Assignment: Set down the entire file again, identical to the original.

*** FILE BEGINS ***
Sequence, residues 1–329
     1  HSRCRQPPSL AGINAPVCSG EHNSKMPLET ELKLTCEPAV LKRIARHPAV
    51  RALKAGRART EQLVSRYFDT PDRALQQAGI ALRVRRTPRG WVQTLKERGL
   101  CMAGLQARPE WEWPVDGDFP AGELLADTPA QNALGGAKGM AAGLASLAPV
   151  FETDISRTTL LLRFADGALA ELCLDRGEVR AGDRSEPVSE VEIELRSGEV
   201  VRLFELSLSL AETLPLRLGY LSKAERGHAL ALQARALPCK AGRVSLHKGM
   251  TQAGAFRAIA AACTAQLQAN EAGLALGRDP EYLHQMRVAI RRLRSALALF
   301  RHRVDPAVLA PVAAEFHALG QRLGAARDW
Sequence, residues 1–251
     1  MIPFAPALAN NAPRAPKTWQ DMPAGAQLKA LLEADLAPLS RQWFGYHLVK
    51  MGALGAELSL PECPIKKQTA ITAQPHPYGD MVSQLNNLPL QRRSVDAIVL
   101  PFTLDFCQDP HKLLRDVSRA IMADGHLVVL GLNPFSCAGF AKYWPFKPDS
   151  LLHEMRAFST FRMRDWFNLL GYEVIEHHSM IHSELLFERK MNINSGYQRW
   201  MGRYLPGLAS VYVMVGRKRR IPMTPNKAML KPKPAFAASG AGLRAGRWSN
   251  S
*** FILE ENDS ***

Sequence, residues 1–329
     1  HSRCRQPPSL AGINAPVCSG EHNSKMPLET ELKLTCEPAV LKRIARHPAV
    51  RALKAGRART EQLVSRYFDT PDRALQQAGI ALRVRRTPRG WVQTLKERGL
   101  CMAGLQARPE WEWPVDGDFP AGELLADTPA QNALGGAKGM AAGLASLAPV
   151  FETDISRTTL LLRFADGALA ELCLDRGEVR AGDRSEPVSE VEIELRSGEV
   201  VRLFELSLSL AETLPLRLGY LSKAERGHAL ALQARALPCK AGRVSLHKGM
   251  TQAGAFRAIA AACTAQLQAN EAGLALGRDP EYLHQMRVAI RRLRSALALF
   301  RHRVDPAVLA PVAAEFHALG QRLGAARDW
Sequence, residues 1–251
     1  MIPFAPALAN NAPRAPKTWQ DMPAGAQLKA LLEADLAPLS RQWFGYHLVK
    51  MGALGAELSL PECPIKKQTA ITAQPHPYGD MVSQLNNLPL QRRSVDAIVL
   101  PFTLDFCQDP HKLLRDVSRA IMADGHLVVL GLNPFSCAGF AKYWPFKPDS
   151  LLHEMRAFST FRMRDWFNLL GYEVIEHHSM IHSELLFERK MNINSGYQRW
   201  MGRYLPGLAS VYVMVGRKRR IPMTPNKAML KPKPAFAASG AGLRAGRWSN
   251  S